Agile Development: What is the difference between “Ready” and “Done”?

When working with Agile, you will always hear the terms ready and done; they are an essential part of all agile projects. Unfortunately, some people try to use these two terms interchangeably . On this blog post, I plan to explain the difference between these two, and also try to guide you on how to make the most of them.

In one sentence, the difference between ready and done is that ready is a state that will eventually help you get to done.

So what is Done?

Let’s start by defining done. When applied to a sprint, done is what must be true for all user stories to be considered complete at the end of the sprint. In other words, it is an agreement between the Product Owner and the team about what constitutes a potentially shippable increment; or in other words, setting a definition of done. This helps ensure that  the quality and intended value are delivered at the end of a sprint.

One example of done is: a cohesive product that is well designed, well coded, tested, integrated, documented, and that hopefully delivers value.

So what is Ready?

Ready is the state of a backlog item should have before it is eligible to be pulled into a sprint. In order for a backlog item to be ready, it needs to be valuable, actionable, feasible, and most importantly, everyone must have a shared understanding of it.

Effects of a non-ready backlog item being pulled into a sprint

If a backlog item is pulled into a sprint before it is actually ready, the result of the sprint will be affected. The following are some of the most common effects:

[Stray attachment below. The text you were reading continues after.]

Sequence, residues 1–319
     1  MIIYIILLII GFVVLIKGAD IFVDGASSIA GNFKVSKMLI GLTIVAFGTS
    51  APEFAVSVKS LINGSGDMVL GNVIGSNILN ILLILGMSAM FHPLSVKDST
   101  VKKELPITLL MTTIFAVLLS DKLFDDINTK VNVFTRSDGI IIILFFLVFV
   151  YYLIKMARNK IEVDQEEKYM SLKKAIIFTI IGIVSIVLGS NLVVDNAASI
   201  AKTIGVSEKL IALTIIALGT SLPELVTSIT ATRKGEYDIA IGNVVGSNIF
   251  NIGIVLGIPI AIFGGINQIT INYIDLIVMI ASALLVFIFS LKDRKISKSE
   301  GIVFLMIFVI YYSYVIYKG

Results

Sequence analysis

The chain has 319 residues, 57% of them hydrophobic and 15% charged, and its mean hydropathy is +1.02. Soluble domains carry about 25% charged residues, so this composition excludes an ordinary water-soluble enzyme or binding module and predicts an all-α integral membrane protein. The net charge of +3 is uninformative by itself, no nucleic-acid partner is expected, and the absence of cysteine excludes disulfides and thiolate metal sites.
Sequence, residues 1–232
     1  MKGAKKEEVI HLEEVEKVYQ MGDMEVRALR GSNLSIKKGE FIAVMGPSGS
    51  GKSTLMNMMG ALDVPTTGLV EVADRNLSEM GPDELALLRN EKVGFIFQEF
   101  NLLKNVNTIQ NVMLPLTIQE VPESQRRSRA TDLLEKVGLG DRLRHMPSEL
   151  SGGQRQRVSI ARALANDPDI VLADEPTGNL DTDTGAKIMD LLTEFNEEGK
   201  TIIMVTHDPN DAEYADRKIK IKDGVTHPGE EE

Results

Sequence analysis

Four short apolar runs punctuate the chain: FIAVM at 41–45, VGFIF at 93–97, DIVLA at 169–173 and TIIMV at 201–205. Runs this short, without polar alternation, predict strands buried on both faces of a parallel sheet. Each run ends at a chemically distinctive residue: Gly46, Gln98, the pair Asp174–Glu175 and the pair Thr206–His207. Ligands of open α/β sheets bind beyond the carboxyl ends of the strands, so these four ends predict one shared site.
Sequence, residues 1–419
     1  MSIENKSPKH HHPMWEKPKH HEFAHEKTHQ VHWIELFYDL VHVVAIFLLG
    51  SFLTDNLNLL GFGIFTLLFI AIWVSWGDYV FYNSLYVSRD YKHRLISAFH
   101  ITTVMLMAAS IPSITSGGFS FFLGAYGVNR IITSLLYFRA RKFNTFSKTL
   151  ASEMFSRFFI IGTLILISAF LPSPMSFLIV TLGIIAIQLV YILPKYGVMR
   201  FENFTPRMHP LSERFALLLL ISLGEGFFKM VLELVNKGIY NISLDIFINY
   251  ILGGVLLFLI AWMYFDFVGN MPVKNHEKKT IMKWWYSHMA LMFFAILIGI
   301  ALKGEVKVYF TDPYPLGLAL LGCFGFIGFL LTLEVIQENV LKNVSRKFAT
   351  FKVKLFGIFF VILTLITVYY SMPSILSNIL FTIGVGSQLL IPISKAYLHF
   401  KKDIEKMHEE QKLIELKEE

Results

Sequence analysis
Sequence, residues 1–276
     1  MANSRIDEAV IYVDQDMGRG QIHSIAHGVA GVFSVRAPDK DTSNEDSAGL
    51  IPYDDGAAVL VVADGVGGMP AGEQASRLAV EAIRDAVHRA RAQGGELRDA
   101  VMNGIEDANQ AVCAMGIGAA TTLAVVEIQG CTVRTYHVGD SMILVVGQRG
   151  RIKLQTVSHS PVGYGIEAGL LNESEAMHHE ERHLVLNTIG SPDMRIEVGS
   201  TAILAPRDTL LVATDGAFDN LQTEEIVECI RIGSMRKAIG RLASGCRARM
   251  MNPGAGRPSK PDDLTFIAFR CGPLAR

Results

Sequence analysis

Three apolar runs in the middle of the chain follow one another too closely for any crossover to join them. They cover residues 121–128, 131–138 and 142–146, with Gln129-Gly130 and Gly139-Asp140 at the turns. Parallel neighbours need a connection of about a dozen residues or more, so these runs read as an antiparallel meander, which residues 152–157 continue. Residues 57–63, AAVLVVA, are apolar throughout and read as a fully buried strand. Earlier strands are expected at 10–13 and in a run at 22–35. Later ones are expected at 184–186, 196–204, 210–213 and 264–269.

• Traveling user stories: these user stories are usually the ones that end up being carried over sprints, and sometimes even over different releases.
  • Wrong product: since there’s no shared understanding of the user story, then the work is done under wrong assumptions, resulting in a wrong product.
  • Rework: not having a shared understanding of the user story means that there will be difficulties in estimating, planning and team alignment

Benefits of Ready

Getting backlog items to ready is essential for a successful sprint, but there are other benefits to be considered:

  • Optimizes collaboration: getting backlog items to ready encourages collaboration because it requires everyone to focus on the product when creating user stories, and ensures a share understanding of them.
  • Prevents waste: when creating a user story, the team focuses on what it should be and what it shouldn’t, preventing waste from assumptions.
  • Enables a smooth flow: by increasing understandability of a user story, then the variability is reduced; this means a smooth flow of work and progress.
  • Increases team domain knowledge: the more the team understands what the product should be, the more likely they will contribute to innovation and value creation, and therefore the more the team conversations are more productive.

Ready to get to Done

So again, the difference between ready and done is that we want backlog items to be ready to get to done.

If you want to learn more about how to ensure that your backlog items get to done, I suggest reading about the 7 Product Dimension for User Stories.



Ellen Gottesdiener. (Producer). (2017). Making Your User Stories “Ready” to Get to “Done” [Video webinar].  Retrieved from Scrum Alliance

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